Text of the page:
Emotional Intensity (BPD) is caused by early life relational disruptions that result in the development of fragmented self-states (what Otto Kernberg calls primitive dissociation or "splitting"), these states are easily triggered and come with overwhelming emotions and impulsivity. Also there are problems with focus, attention and a shifting sense of self and identity. Affect Regulation Theory sees a self-state as a combination of the emotion-regulating system and a set of "discrete coordinated" cognitive, attentional, perceptual, representational, memory, and reflective systems. [4, 9]
Brain research has shown that fragmented selves require a mindfulness/witnessing stabilization phase where you notice the instability dampen down and a more stable sense of self emerge  and a c-PTSD intervention phase to transform any implicit maladaptive emotional schemes, Janina Fisher calls this developing a "Witnessing Adult Self" that holds her younger emotional inner child parts and the more fragmented we are the more we blend with our younger child parts. The more we are able to get our protective parts to relax and be with these emotional parts the more our affective neural systems will stabilize and transform into a core calm state. [2, 5]
The stabilization phase relies a lot on coping skills (like DBT, Mindfulness, Mind Training, Meditation, Yoga, Neurofeedback, Tai Chi, Art Therapy, Distraction, Support Groups) and focused attention and awareness training combined with (self-)compassion. Also developing and internalizing safe spaces and objects of support (friends, family, therapist, animals, spiritual figure) is crucial in healing the emotion regulation brain networks. [8, 9, 10, 11, 12]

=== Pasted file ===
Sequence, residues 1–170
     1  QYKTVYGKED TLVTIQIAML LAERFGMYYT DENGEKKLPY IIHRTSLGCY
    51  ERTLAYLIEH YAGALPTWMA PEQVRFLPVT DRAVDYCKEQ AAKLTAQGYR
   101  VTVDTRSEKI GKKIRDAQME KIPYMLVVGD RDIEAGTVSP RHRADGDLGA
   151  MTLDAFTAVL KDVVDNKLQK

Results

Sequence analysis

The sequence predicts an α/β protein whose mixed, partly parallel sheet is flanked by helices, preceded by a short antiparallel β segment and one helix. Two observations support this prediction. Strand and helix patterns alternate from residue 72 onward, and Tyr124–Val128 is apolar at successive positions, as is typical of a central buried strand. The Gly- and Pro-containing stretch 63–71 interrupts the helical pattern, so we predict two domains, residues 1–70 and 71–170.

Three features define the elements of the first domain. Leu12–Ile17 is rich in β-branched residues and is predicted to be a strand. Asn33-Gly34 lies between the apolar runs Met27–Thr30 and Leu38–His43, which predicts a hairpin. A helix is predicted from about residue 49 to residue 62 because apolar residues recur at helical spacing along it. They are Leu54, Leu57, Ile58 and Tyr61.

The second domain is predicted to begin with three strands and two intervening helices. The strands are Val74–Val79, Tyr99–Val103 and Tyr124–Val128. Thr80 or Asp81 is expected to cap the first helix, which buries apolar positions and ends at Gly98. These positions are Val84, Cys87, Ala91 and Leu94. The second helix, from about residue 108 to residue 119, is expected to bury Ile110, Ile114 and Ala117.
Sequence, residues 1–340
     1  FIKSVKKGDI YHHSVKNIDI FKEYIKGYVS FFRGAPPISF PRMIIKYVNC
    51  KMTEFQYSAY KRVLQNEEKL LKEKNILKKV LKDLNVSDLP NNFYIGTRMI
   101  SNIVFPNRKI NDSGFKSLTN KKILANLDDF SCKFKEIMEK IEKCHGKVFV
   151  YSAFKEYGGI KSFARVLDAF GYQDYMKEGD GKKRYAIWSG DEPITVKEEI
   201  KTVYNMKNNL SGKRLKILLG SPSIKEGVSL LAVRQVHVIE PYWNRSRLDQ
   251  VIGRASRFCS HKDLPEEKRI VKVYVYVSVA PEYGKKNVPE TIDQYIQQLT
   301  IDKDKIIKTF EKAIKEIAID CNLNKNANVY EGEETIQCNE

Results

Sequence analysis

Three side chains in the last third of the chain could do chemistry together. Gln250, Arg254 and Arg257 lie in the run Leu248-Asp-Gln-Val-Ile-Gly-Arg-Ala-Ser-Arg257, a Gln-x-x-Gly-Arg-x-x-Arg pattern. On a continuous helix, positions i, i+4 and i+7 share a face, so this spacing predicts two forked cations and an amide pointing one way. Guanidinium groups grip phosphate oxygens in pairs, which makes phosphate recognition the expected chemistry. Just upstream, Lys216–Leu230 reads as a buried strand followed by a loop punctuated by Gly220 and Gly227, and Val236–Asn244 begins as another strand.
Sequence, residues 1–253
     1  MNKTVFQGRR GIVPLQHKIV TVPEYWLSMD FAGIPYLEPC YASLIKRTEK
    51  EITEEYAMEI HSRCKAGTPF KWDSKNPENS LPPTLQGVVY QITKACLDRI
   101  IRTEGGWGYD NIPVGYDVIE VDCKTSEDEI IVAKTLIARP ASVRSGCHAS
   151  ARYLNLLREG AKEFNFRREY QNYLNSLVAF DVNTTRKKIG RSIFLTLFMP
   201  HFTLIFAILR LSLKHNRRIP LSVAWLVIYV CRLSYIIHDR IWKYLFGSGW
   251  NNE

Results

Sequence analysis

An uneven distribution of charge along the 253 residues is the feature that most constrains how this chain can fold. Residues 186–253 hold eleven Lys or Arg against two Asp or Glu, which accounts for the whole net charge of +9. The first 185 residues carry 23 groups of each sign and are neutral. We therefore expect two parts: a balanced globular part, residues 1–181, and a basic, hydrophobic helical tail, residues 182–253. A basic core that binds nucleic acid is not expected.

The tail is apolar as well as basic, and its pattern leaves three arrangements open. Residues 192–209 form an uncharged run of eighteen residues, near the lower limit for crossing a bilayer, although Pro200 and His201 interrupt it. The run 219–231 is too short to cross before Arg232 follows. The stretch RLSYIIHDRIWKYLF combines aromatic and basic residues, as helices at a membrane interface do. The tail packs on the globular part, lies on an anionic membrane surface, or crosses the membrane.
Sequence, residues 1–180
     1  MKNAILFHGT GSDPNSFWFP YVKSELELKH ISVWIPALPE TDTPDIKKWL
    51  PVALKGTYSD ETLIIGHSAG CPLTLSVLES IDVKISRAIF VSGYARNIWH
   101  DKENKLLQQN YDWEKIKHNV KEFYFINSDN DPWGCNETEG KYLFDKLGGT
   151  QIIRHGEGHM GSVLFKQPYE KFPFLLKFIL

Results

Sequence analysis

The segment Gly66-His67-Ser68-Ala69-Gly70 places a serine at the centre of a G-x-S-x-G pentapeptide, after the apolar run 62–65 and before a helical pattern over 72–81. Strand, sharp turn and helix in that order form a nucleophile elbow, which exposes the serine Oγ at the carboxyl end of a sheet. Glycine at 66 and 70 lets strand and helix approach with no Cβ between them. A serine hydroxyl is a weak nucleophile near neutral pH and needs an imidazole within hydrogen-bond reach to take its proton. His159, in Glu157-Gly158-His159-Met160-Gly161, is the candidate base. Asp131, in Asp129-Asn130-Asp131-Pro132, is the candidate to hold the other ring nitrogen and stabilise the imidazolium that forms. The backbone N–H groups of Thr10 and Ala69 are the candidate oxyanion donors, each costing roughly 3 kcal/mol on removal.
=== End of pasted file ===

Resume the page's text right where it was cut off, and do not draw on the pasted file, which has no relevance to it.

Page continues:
Dr. Marsha Linehan - Becoming One:
Neuroscience has shown that strengthening the prefrontal brain areas inhibit emotional reactivity and instability, 75% of the amygdala is dedicated to detecting danger, with emotional instability / complex trauma there is often an abnormal amygdala and it's weakened prefrontal connections. Through stabilization you are able to create space between your Self and your emotional parts and can start to integrate these disowned younger traumatized parts through acceptance and compassion. [3, 6, 8]
Emotional Intensity (BPD) is characterized by what in the literature is called affect dysregulation, because of an hyperactive emotional center in the brain (amygdala) and underdeveloped inhibition (right orbitofrontal cortex), people with this disorder experience intense emotions that are easily triggered, they also trigger into states of numbness/detachment (dissociation/depersonalization) and emptiness. [see Chronic Emptiness]
The combination of these symptoms are very distinctive for Emotional Intensity / Borderline and are caused by early attachment/developmental trauma. It is considered a Complex Trauma Disorder by experts and required to be treated as such. 
Infants co-regulate through their caregiver, this is because we fully depend on them when we are born and have cues like our cry for help.